I’m sitting on the paper covered exam table staring at the sterile white walls. My doctor comes in with a smile; her face drops as she observes my sadness. My tears won’t stop. “You aren’t okay,” she says. I shake my head, no. I tell her I want back on birth control right away because I will not ever have another baby. We aren’t surprised at my experience of postpartum depression because I have had depressive episodes before. I’ve had to work hard at happiness and esteem, but I thought arriving at this time of motherhood would defeat this struggle, not catalyze it to its ultimate depth! Still, somehow, I have the skills to seek help, to accept help, to be aware of my despair.

With this awareness, I fill my prescriptions and plan my strategies to stay safe, to keep my baby safe, and to find the sun among the clouds. My new mantra, “one minute at a time,” as I observe my body go through the motions of nurturing my baby. I still don’t feel the joy, but I am gaining competence in providing for its needs. My secret pain is out now. My friends and family know my struggle. While I am embarrassed and feel worthless, they are my strength.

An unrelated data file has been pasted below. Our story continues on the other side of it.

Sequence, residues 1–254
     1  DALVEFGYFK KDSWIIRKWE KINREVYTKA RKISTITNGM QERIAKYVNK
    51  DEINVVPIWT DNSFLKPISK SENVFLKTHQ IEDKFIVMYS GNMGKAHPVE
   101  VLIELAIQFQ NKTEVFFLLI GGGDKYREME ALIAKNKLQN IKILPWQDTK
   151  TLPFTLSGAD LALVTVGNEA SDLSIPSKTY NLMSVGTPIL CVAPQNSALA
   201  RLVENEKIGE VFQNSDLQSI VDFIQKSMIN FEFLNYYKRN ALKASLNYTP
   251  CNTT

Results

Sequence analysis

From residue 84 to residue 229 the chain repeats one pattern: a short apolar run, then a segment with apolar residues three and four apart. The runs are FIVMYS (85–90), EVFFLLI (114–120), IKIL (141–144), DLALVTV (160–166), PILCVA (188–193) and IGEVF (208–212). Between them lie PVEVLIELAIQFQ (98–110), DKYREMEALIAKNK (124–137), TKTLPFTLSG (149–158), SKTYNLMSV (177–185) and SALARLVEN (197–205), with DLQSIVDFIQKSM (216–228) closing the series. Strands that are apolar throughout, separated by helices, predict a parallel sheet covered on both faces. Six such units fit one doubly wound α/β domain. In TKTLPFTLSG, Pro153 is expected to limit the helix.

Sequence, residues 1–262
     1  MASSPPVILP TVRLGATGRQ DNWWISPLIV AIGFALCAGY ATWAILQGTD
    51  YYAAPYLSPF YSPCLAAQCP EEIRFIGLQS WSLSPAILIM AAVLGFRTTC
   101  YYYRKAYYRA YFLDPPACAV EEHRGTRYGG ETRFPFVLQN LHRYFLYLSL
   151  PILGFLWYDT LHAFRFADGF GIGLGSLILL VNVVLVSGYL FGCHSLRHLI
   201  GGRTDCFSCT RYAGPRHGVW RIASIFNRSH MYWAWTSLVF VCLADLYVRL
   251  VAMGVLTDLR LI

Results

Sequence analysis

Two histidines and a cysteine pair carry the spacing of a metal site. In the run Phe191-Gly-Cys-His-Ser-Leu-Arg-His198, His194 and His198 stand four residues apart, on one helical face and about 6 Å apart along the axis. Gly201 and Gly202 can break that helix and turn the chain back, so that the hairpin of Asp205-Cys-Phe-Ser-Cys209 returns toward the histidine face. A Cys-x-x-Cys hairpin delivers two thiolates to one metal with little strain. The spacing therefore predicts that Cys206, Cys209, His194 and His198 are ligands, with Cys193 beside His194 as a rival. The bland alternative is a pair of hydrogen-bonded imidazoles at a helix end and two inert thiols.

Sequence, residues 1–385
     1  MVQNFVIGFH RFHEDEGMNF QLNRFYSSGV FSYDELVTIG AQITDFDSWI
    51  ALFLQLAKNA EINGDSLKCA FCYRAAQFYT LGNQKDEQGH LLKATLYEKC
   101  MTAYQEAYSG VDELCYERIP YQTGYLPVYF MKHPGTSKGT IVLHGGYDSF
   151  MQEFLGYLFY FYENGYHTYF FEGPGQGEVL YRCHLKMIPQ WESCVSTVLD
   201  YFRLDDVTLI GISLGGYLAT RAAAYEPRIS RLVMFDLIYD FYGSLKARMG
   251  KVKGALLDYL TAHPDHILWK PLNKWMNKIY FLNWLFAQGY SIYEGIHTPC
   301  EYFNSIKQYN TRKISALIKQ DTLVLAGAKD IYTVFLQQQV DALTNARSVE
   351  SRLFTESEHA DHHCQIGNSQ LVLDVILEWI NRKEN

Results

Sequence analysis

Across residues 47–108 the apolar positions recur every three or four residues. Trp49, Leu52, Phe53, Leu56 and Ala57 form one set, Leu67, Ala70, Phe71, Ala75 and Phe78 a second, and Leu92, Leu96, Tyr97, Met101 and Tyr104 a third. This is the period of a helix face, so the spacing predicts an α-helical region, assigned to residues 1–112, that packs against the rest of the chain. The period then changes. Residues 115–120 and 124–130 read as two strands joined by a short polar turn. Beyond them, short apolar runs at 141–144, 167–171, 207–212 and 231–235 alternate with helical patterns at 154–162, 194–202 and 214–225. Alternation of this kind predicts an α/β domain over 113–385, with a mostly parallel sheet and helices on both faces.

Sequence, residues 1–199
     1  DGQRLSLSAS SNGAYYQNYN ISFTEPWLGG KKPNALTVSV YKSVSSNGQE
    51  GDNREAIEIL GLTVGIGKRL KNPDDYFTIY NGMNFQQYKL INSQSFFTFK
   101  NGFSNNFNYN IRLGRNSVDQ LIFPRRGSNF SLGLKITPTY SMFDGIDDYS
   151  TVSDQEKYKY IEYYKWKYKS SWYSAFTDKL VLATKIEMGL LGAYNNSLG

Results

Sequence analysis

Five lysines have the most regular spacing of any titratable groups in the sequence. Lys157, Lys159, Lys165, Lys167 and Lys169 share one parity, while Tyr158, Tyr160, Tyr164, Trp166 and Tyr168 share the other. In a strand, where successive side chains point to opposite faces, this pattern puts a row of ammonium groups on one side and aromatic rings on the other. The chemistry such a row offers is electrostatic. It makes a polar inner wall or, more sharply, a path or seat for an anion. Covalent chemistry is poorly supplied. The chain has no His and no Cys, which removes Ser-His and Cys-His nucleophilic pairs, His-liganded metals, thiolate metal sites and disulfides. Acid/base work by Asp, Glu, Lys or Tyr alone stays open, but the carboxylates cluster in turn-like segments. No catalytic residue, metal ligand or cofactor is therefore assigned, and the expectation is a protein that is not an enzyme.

“The best kind of people are the ones in your life who help you see the sun where once you just saw clouds, the people who believe in you and help you see your worth so you start to believe that you are valuable, as well.”


 I breathe a bit easier now. Although the dark is still inside me, I experience glimpses of hope. I learn one of my dear friends has experienced this pain. She lets me know I am not alone. I hold on to the words of friends and family: You will survive this. This will end. Take it one moment at a time. You are doing a great job. My girl says, “Plan something to look forward to everyday. Take a shower. Go for a walk. Listen to music you like. Watch a T.V. show you enjoy. We are bringing you lunch, and we’re not leaving until you eat.” I don’t want to let go of their hugs.